LUKE. "Without a doubt, on a personal level, the person who has helped us out the most is Tim Burgess and all his guys at O Genesis Recordings. Since joining forces with them, we have had some brilliant opportunities and have had the chance to release from a label and get out to festivals. We have a lot planned for the future with Tim and O Genesis and we’re really looking forward to it. We also couldn’t be where we are musically or in production terms without Dan Ellis (VEED). He’s a don.”
What do you think of the techno/dance scene at the moment?
LUKE: "I think the dance scene at the moment is absolutely amazing - some of most underground sounds I’ve heard in a while! I think Happa is next level, and I think the majority of the heavy techno scene is just perfect. I really think house music is fading away slowly but surely, which will be for the best. London and Amsterdam have the best techno nights I’ve seen advertised for a long time.”
RICHIE: "Preferably I wouldn't actually sit down and listen to techno music, but I can appreciate it on a night out, or when Luke shows me something on YouTube. The scene as a whole seems to have progressed a lot since I first heard it as a kid – in a good way.
Where do you want to get to in 2015?
LUKE: "I want to be doing shows that will not only benefit us, but benefit the audience and the club night itself. I think one of the key things in staying progressive is how you gauge the night and how to adapt your genre. It is pointless doing shows that you know you won’t suit the crowd. In the early days, we did a fair few shows that really were not suited to our weird electronic vibe. They didn't go bad as such, but they just weren't for us. We feel in 2015, we’ve made a fair few contacts to make sure we are doing the best possible shows for ourselves and the crowds involved. We also want to get the club scene across the country more, and play more sets in Manchester and London, as well as release a vinyl for Record Store Day.”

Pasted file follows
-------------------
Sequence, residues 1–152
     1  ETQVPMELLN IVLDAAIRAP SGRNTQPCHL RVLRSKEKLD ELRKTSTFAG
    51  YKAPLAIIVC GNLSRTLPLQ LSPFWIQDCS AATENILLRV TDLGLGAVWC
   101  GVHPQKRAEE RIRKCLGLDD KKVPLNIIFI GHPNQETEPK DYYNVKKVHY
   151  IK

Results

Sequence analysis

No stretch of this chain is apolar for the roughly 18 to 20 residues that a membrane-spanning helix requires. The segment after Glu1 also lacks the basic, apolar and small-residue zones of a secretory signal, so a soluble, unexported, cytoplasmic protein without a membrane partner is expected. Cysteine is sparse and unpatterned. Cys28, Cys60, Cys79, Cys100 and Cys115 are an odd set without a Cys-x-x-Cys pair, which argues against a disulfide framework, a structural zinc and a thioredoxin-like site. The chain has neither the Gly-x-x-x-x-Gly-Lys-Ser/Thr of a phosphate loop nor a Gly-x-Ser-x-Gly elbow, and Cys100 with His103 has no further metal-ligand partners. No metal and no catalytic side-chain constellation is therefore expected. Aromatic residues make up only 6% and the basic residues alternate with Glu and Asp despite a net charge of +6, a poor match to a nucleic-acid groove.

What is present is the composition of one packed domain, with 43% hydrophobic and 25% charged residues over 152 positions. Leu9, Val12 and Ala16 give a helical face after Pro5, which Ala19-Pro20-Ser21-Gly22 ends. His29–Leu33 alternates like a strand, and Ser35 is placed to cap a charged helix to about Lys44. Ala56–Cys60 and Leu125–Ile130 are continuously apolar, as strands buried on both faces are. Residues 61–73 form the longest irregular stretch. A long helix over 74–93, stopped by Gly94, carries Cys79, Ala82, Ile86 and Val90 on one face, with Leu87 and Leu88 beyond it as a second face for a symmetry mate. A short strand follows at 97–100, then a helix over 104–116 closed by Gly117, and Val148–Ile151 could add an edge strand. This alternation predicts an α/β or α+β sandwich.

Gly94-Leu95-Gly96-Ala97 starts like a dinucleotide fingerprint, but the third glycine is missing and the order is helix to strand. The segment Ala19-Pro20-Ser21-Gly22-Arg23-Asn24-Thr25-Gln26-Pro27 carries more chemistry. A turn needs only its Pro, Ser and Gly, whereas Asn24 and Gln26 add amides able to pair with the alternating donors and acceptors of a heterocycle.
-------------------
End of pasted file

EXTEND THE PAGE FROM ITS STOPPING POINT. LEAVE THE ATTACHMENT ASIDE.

RICHIE: "In 2015, I would like to see D R O H N E playing all around the UK and eventually Europe, as well as a few more slots at festivals to show new people our music. So far it’s looking like the year is heading that way which I’m glad about. With Kendal Calling, Threshold and Sound City all confirmed, it seems very positive.”
What do you think of Liverpool and the Liverpool music scene?
LUKE: "Let me try to get one thing out there: in recent interviews we've conducted, journalists always seem to press me on comments I say about Liverpool, when in fact I’m a 20 year old lad who is just a bit fed up of the city he lives in. It’s a normal thing! I’m eternally grateful for everything the Liverpool music scene has done for us, and will continue to work with the people around here. As for the dance scene, Waxxx and Less Effect have some of the best acts and nights I’ve ever been to, and I’m proud to say we’ve played at a good few!”
RICHIE: "Liverpool as a city is ideal for any band who are starting off, with tons of people who will help them along the way as they try and break into the scene. As for the scene itself, I’ve enjoyed a lot of raves in the city – they’re usually loads of fun – as well as some of the festivals held in Liverpool.”
How long will it be until you get an album out?
LUKE: “However long it takes, we have a lot of commitments currently throughout the year so far, but we have enough material to make one. We just need the time to do so.”
Listen to D R O H N E on Soundcloud
Buy D R O H N E's first EP, Parasite, on iTunes
Follow @hipsterscumbagon Twitter